The High Street, Oxford. Credits: Evgeny Klimenchenko
The High Street, Oxford. Credits: Evgeny Klimenchenko

Managing different attitudes to living with COVID-19

You may be finding it frustrating that those around you have different ideas about living with COVID-19 than you do. This blog explores how you can navigate these differences, whichever view you take.

While some are committed to continuing with health measures, others favour the removal of restrictions to return to a more pre-pandemic way of life. There are many reasons for these differences including a function of different nationalities, backgrounds, health vulnerabilities or personalities.

Whatever the reasons, you may find it frustrating to discover that those around you have different ideas about what living with COVID-19 means. If you take a relaxed view, you may feel frustrated to discover that not everyone around you is as comfortable with that as you are. On the other hand, if you are concerned about infection risk, you may find it very unsettling and upsetting to observe others behaving in ways you do not believe to be safe.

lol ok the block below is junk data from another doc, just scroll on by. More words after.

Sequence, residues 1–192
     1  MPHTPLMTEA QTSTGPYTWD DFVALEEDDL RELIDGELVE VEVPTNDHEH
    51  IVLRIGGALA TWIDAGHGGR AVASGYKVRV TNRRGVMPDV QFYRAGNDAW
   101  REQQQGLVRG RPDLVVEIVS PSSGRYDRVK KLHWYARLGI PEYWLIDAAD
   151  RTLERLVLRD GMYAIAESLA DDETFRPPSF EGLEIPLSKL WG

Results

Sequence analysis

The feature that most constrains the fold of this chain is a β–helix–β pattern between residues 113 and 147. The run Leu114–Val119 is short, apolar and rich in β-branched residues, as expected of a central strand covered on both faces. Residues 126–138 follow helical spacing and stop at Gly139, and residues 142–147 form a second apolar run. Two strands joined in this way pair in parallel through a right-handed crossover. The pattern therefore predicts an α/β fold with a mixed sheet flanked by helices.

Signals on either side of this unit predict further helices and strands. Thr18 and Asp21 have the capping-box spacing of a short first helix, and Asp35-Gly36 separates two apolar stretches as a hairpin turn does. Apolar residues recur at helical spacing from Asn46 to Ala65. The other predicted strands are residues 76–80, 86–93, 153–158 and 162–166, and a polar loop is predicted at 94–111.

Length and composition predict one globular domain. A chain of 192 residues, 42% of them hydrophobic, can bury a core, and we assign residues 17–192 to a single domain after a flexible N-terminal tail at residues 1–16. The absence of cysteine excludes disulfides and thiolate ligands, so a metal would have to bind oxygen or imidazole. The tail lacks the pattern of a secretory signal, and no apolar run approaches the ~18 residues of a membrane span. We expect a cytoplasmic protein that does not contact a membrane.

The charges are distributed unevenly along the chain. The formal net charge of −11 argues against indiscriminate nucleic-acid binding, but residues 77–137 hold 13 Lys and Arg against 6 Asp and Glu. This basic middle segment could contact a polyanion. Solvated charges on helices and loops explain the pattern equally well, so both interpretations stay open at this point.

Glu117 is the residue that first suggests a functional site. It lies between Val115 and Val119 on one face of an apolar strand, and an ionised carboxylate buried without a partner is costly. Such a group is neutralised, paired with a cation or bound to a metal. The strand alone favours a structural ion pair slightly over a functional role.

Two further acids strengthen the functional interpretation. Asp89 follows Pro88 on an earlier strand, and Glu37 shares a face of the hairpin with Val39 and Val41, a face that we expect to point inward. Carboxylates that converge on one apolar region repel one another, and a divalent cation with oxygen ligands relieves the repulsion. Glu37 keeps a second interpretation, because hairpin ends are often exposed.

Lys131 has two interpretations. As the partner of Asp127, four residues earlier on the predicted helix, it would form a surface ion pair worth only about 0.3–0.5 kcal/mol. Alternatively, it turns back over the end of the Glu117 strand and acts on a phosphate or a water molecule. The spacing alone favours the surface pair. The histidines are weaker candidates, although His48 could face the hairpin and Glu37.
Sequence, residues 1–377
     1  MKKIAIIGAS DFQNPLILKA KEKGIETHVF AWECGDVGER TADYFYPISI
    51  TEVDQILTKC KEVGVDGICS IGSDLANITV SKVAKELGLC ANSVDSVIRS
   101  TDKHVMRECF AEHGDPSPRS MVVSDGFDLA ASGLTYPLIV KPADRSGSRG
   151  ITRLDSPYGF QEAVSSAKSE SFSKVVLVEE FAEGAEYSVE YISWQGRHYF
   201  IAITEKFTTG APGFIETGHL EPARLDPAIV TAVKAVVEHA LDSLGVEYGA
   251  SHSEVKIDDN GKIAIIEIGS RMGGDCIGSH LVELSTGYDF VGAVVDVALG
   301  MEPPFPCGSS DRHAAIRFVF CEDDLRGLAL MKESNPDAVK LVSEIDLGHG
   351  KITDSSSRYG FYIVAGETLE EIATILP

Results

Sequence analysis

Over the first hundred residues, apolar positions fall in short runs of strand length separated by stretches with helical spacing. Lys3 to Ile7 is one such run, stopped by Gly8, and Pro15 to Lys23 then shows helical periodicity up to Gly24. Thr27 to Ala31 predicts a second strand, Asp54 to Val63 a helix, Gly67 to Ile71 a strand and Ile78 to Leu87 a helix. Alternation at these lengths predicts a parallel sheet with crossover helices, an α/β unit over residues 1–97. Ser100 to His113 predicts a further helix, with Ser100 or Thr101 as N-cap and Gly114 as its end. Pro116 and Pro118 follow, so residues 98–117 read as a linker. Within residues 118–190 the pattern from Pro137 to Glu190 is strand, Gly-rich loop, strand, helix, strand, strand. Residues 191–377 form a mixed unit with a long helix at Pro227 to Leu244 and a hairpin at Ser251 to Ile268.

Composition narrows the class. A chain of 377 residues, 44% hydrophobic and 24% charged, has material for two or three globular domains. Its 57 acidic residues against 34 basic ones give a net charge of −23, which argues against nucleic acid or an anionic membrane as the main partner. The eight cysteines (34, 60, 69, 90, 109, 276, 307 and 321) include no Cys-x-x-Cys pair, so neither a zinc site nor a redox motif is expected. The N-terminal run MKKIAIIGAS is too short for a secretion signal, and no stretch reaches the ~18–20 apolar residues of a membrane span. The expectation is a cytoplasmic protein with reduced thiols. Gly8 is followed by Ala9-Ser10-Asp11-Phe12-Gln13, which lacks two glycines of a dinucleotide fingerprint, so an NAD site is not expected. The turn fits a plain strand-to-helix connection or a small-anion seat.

Keep up the conversation 

It is important that, as we navigate these differences, we communicate explicitly with each other. It would be all too easy for differences to lead to formation of polarised groups: groups in which members take a relaxed stance about COVID, and groups—or isolated individuals—who feel unsafe or alienated from communities which they may perceive, rightly or wrongly, to be dominated by those not continuing to take sufficient precautions.

The Counselling Service would like to offer messages to those at both ends of the spectrum of attitudes.

To those who feel (relatively) unconcerned around living with COVID-19:

  • Be mindful of the possible impact of your behaviour on others within your communities. They might find it uncomfortable to confront you if you behave in ways they are not comfortable with.
  • Channel your energy and creativity into creating inclusive opportunities to socialise and have other meaningful experiences.

To those who remain concerned about the pandemic:

  • Remember that individuals’ behaviour is partly a function of their culture. The fact that they behave as they do does not mean they are bad people.
  • Try not to allow yourself to experience disproportionate fear, as this could all too easily become an obstacle.
  • Avoid any temptation to disengage from your peers academically or socially.
  • If something is making you feel uncomfortable, have the confidence to speak up for what you need. 

To create strong, well-functioning communities it is important for us to be thoughtful and sensitive to all of the differences between us, including differences in attitudes about living with COVID-19. This attention to each other’s needs and feelings can make a world of difference to all of our experience.

You can explore the full range of blogs and podcasts created to support you throughout the pandemic on the Counselling Service's website.